Welcome to the first episode in our series on Greek drama and The Trojan Women by Euripides. Classicist Thomas Banks will be leading the discussion with Angelina Stanford and Cindy Rollins asking questions and adding their own thoughts along the way. If you enjoy these podcasts, you can also check out the HouseofHumaneLetters.com for the summer intensive on Classical Greek Drama.
Thomas begins with some background on the development on Greek drama in history. He also explains the role of the chorus in typical Greek plays in contrast to how Euripides uses it in this play. He then gives us a little biographical information on Euripides and places him, along with the other Greek dramatists, in the context of history. He also talks about the questions of theodicy that come up in The Trojan Women and other of Euripides’ works. Thomas points out some resources to give readers background on Greek mythology and characters you will see in these plays. He continues with a brief overview of the Trojan War. Our host wrap up with some thoughts on the prologue of The Trojan Women.
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This the story of my life, that while I lived it weighed upon me and pressed against me and filled all my senses to overflowing and now is like a dream dreamed…..This is my story, my giving of thanks.Wendell Berry
Sophocles is wise, Euripedes is wiser, but Socrates is wisest of them all.The Oracle of Delphi
The past is a foreign country: they do things differently there.L. P. Hartley
The Wife of Flanders
by G. K. Chesterton
Low and brown barns, thatched and repatched and tattered,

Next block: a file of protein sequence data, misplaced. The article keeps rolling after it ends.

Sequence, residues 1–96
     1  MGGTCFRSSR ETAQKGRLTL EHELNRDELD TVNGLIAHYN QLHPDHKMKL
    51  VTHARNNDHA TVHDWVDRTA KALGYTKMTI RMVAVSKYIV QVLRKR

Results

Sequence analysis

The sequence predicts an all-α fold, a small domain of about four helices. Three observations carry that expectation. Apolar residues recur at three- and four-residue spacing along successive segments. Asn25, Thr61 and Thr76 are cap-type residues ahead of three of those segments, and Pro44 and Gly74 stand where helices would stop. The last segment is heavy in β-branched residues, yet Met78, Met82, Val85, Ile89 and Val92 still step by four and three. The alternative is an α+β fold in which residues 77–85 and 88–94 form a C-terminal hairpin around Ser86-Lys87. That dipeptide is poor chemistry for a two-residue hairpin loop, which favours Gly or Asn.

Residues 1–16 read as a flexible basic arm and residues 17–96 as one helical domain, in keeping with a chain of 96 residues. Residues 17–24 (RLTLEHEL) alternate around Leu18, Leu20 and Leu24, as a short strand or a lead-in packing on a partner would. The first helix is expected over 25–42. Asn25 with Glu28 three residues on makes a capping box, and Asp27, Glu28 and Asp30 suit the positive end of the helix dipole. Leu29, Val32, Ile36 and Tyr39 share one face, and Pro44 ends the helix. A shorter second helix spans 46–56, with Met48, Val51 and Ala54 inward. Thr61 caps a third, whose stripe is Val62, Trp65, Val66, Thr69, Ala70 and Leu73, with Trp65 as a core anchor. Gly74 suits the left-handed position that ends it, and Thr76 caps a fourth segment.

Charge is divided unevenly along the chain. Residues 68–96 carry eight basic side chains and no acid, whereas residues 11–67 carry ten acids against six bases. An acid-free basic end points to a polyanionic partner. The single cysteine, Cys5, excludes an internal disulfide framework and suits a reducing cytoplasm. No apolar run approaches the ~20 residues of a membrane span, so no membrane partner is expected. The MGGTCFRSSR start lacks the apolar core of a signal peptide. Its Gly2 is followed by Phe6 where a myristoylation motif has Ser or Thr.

Where I had seven sons until to-day,
A little hill of hay your spur has scattered. . . .
This is not Paris. You have lost your way.
You, staring at your sword to find it brittle,
Surprised at the surprise that was your plan,
Who, shaking and breaking barriers not a little,
Find never more the death-door of Sedan —
Must I for more than carnage call you claimant,
Paying you a penny for each son you slay?
Man, the whole globe in gold were no repayment
For what you have lost. And how shall I repay?
What is the price of that red spark that caught me
From a kind farm that never had a name?
What is the price of that dead man they brought me?
For other dead men do not look the same.
How should I pay for one poor graven steeple
Whereon you shattered what you shall not know?
How should I pay you, miserable people?
How should I pay you everything you owe?
Unhappy, can I give you back your honour?
Though I forgave, would any man forget?
While all the great green land has trampled on her
The treason and terror of the night we met.
Not any more in vengeance or in pardon
An old wife bargains for a bean that’s hers.
You have no word to break: no heart to harden.
Ride on and prosper. You have lost your spurs.
Trojan Women by Euripides
The Go-Between by L. P. Hartley
Hannah Coulter by Wendell Berry
The Three Theban Plays by Sophocles
The Oresteia by Aeschylus
The Bacchae by Euripides
Mythology by Edith Hamilton
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